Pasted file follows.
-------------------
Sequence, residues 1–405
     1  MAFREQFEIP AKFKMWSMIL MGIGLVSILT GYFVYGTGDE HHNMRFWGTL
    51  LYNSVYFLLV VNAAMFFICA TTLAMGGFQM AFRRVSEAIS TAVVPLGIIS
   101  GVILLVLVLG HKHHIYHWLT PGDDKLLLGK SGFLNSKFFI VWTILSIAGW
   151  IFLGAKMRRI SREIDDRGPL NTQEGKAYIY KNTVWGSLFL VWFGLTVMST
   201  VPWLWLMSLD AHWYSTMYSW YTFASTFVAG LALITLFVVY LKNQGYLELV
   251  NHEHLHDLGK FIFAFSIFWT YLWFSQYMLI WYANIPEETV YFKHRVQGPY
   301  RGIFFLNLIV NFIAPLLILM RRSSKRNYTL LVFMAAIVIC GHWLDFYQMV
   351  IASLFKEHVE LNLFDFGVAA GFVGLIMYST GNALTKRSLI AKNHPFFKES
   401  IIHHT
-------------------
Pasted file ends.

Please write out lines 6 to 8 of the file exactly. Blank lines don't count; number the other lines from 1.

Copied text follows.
   201  VPWLWLMSLD AHWYSTMYSW YTFASTFVAG LALITLFVVY LKNQGYLELV
   251  NHEHLHDLGK FIFAFSIFWT YLWFSQYMLI WYANIPEETV YFKHRVQGPY
   301  RGIFFLNLIV NFIAPLLILM RRSSKRNYTL LVFMAAIVIC GHWLDFYQMV